Although interventional vascular procedures avoid many of the complications involved in surgery, there is a possibility of complications if some of the plaque, thrombus or other material breaks free and flows downstream in the artery or other vessel, potentially causing a stroke, a myocardial infarction (heart attack), or other tissue death. One solution to this potential complication is to use some kind of occlusive device or filtering device to block or screen the blood flowing downstream of the treatment location.
The use of a protective device in the form of an occlusive device or filtering device as part of a vascular procedure is becoming more common in debulking procedures performed on heart bypass vessels. Most heart bypass vessels are harvested and transplanted from the saphenous vein located along the inside of the patient's leg. The saphenous vein is a long, straight vein that has a capacity more than adequate to support the blood flow needs of the heart. Once transplanted, the saphenous vein is subject to a buildup of plaque or thrombotic materials in the grafted arterial lumen. Unfortunately, the standard interventional vascular treatments for debulking are only moderately successful when employed to treat saphenous vein coronary bypass grafts. The complication rate for a standard balloon angioplasty procedure in a saphenous vein coronary bypass graft is higher than in a native vessel with the complications including embolization, “no-reflow” phenomena, and procedural related myocardial infarction. Atherectomy methods including directional, rotational, and laser devices are also associated with a high degree of embolization resulting in a greater likelihood of infarction. The use of stents for saphenous vein coronary bypass grafts has produced mixed results. Stents provide for less restenosis, but they do not eliminate the risk of embolization and infarction incurred by standard balloon angioplasty.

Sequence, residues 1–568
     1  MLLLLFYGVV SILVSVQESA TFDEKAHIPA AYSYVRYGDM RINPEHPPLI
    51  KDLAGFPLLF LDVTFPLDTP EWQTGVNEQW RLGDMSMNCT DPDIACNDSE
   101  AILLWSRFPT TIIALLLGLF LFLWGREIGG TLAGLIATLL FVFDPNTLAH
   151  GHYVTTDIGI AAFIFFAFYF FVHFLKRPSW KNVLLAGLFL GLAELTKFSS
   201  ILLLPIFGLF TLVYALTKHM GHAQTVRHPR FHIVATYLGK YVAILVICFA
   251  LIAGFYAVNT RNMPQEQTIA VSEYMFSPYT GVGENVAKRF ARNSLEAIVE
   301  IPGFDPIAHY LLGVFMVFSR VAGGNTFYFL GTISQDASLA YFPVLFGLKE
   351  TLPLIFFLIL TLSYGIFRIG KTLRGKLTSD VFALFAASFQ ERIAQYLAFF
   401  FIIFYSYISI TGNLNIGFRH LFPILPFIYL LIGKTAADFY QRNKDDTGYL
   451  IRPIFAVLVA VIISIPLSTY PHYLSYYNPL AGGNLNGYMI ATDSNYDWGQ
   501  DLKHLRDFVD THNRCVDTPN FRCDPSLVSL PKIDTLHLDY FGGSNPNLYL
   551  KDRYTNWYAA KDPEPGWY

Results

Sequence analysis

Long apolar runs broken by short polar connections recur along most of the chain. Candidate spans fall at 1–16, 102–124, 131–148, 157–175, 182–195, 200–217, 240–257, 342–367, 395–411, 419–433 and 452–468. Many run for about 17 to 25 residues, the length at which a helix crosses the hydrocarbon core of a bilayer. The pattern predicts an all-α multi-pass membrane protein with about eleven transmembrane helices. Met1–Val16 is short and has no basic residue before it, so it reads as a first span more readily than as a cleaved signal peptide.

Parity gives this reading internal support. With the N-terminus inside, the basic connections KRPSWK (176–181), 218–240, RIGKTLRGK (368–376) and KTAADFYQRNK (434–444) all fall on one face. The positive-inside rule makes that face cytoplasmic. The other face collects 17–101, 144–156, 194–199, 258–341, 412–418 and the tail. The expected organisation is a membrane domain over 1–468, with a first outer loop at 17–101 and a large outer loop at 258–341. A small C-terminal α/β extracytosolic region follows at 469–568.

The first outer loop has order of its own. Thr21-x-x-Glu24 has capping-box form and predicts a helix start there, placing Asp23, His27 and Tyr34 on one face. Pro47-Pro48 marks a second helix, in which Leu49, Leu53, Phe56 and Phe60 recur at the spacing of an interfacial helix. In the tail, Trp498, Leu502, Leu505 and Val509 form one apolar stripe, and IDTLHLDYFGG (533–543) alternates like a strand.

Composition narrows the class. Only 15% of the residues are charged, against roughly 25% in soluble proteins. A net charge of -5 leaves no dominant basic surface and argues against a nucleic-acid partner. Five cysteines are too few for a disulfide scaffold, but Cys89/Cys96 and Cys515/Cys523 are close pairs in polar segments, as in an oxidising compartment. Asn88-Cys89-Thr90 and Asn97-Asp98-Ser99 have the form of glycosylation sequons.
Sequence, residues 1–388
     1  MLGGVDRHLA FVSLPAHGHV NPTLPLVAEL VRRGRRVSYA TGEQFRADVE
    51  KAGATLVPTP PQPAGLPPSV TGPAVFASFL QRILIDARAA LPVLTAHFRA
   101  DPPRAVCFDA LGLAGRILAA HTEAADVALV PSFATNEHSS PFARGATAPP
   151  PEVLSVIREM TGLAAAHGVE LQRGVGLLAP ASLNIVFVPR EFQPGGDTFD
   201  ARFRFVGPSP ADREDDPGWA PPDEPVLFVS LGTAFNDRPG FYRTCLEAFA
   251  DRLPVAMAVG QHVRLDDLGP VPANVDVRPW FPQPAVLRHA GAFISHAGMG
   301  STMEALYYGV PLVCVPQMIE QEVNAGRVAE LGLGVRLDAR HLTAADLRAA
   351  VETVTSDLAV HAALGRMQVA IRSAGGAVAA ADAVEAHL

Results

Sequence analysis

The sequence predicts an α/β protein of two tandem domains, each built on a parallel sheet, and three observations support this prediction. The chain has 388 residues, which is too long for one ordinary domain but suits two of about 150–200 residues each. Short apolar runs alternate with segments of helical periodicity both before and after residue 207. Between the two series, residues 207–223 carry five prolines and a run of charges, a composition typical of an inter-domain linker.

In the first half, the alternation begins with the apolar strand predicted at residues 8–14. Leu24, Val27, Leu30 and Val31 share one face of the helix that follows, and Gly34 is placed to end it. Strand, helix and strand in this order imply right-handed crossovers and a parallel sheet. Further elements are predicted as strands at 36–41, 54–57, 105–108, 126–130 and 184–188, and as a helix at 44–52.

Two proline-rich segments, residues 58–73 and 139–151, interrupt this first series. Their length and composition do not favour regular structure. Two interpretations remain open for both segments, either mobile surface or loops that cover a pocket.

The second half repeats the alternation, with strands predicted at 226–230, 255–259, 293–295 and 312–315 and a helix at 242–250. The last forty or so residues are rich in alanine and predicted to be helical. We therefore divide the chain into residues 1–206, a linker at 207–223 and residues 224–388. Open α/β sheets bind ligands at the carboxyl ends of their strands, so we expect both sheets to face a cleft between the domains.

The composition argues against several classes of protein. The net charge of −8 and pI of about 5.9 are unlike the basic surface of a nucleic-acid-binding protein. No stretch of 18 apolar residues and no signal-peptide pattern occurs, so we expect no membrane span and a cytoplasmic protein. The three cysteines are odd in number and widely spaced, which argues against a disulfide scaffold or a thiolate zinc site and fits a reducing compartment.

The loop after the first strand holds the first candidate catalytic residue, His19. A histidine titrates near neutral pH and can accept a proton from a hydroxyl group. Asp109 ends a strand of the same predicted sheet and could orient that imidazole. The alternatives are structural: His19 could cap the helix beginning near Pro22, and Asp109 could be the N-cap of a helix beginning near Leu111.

In order to overcome the shortcomings of these standard non-surgical interventional treatments in treating saphenous vein coronary bypass graft occlusion, embolic protection methods utilizing a protective device distal to the lesion have been developed. The protective device is typically a filter or a balloon. Use of a protective device in conjunction with an atherectomy or thrombectomy device is intended to prevent emboli from migrating beyond the protective device and to allow the embolic particles to be removed, thereby subsequently reducing the risk of myocardial infarction. When the protective device is a balloon, the balloon is inserted and inflated at a point distal to the treatment site or lesion site. Therapy is then performed at the site and the balloon acts to block all blood flow, which prevents emboli from traveling beyond the balloon. Following treatment, some form of particle removal device must be used to remove the dislodged emboli prior to balloon deflation. U.S. Pat. No. 5,843,022 uses a balloon to occlude the vessel distal to a lesion or blockage site. The occlusion is treated with a high pressure water jet, and the fluid and entrained emboli are subsequently removed via an extraction tube. U.S. Pat. No. 6,135,991 describes the use of a balloon to occlude the vessel allowing blood flow and pressure to prevent the migration of emboli proximally from the treatment device. While effective as a protective device, balloons may result in damaged tissue due to lack of blood flow downstream of the treatment area due to the time required to inflate and deflate the balloon.